Insulated Concrete Forms
ICF Walls are Durable and Energy Efficient
Stay-in-place foam forms are well insulated, airtight, and strong
Most brands of insulated concrete forms (ICFs) consist of two parallel panels of foam held apart by rigid plastic spacers. Builders stack ICFs like Lego blocks, brace the forms, and fill the forms with concrete delivered by a pumper truck. The ICFs are left in place as a permanent part of the building.
ICFs are becoming increasingly common. Among their advantages over conventional wood-frame construction are low air infiltration, high thermal massHeavy, high-heat-capacity material that can absorb and store a significant amount of heat; used in passive solar heating to keep the house warm at night. , high strength and fire resistance, good sound-deadening qualities, and much higher insulating values than standard masonry construction. They can be used to form basement walls alone or for an entire wall system, including above-grade walls. According to the Portland Cement Association, using ICFs adds about 3% to overall construction costs compared with a conventional wood-frame building.
Types of ICFs
A variety of shapes and sizes
Most ICFs are made from expanded polystyrene (EPSExpanded polystyrene. Type of rigid foam insulation that, unlike extruded polystyrene (XPS), does not contain ozone-depleting HCFCs. EPS frequently has a high recycled content. Its vapor permeability is higher and its R-value lower than XPS insulation. EPS insulation is classified by type: Type I is lowest in density and strength and Type X is highest.), although some manufacturers used different types of foam.
A common type of ICF is a hollow block with 2-inch-thick foam on each side, typically 16 inches high and 48 inches long. Concrete thickness can vary, depending on the application, from 4 inches to 12 inches. ICFs also are available as planks, usually 1x8s, and panels as large as 4x8s.
Internally, ICFs can form concrete in one of several ways: as a flat wall, as a grid, or in a post-and-beam pattern.
Good ICFs are adaptable and easy to erect
Besides being a system that goes together quickly and easily, ICFs give designers more flexibility than conventional concrete forms. Most ICF systems can be manipulated into curves and angles that require only minor on-site trimming and bending. Many form manufacturers will even create custom blocks or panels to execute your designs with no modifications, saving time and reducing construction waste.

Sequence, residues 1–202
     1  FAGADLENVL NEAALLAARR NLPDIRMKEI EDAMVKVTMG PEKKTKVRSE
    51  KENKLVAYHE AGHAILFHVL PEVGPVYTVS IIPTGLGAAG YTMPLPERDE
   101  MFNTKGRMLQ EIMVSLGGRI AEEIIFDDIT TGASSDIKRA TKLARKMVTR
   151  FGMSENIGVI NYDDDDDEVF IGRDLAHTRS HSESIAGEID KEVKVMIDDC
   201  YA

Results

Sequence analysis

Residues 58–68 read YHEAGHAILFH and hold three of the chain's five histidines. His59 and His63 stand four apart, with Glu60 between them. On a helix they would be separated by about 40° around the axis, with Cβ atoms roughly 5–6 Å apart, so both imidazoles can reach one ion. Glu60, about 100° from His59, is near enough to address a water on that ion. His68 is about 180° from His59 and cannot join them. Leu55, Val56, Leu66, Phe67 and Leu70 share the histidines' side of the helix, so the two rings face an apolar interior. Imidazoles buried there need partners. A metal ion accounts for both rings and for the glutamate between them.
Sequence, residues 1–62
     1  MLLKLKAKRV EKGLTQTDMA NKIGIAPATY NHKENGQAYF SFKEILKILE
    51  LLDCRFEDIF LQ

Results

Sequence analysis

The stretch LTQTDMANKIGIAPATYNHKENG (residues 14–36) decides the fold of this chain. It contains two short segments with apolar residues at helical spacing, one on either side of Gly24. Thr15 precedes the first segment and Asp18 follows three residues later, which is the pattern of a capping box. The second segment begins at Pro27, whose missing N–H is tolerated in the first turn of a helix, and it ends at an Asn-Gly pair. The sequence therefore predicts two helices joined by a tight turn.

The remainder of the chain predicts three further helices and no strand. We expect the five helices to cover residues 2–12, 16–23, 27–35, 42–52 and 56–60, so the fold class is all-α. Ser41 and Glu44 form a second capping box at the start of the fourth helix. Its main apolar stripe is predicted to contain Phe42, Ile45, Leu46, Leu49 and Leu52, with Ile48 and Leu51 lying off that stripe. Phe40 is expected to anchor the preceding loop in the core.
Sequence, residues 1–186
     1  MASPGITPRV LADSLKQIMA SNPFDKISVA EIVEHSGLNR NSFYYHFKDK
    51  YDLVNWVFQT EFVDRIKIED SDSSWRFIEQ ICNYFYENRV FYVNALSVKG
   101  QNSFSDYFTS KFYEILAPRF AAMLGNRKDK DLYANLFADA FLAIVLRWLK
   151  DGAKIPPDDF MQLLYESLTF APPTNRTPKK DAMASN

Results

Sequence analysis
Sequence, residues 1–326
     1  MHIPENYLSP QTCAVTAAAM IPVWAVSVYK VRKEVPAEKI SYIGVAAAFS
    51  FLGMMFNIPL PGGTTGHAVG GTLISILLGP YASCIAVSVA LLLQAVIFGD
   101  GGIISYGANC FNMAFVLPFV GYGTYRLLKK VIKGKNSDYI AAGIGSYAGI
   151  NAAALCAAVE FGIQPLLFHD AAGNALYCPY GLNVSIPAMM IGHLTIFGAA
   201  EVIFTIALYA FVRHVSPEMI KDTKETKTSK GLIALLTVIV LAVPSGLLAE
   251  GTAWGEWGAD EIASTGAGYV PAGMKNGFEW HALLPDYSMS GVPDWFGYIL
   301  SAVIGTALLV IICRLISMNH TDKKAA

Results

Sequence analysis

ICF assembly is easy if you know what you're doing
In practice, it’s relatively simple to stack ICFs into walls, although bracing and leveling before the pour are critical. Each system goes together a little differently, so the manufacturer's instructions are a must-read before you start. Just like bricks or concrete masonry units, the first course sets the tone for the rest of the installation, so extra attention at the beginning will pay off. Cuts in the forms can make the concrete pour more shaky; avoid cutting corner blocks, use plenty of bracing, and secure large joints with scabs of plywood.
How do I attach an ICF wall to the rest of the house?
Steel channels secure the forms to a poured concrete footing; anchor bolts penetrate the top of the concrete as in a typical poured wall. Window and door openings that are framed with dimensional lumber go in before the concrete is poured. It may not always be necessary, but using spray foam to seal the forms to existing foundation walls will probably keep the pour a little neater.
Requirements for Insulating Concrete Form (ICFInsulated concrete form. Hollow insulated forms, usually made from expanded polystyrene (EPS), used for building walls (foundation and above-ground); after stacking and stabilizing the forms, the aligned cores are filled with concrete, which provides the wall structure.) wall construction can be found in Section 611 of the IRCInternational Residential Code. The one- and two-family dwelling model building code copyrighted by the International Code Council. The IRC is meant to be a stand-alone code compatible with the three national building codes—the Building Officials and Code Administrators (BOCA) National code, the Southern Building Code Congress International (SBCCI) code and the International Conference of Building Officials (ICBO) code.. Almost 30 pages in length, Section 611 includes numerous detail drawings and tables that help explain the code-approved use of ICFs.
If the building’s design follows the prescriptive guidelines outlined in the code book, plans don’t require the seal of an engineer or architect. Reinforcement specifications can be found in Tables 611.3 through 611.7. Standard floor and roof connection details are identified in Figure 611.7(1). Window and door opening details can be found Figure 611.7(2).
Plates that connect roof framing to ICF walls must be secured with 1/2-inch anchor bolts embedded a minimum of 7 in. and placed a maximum of 6 ft. on-center (611.9).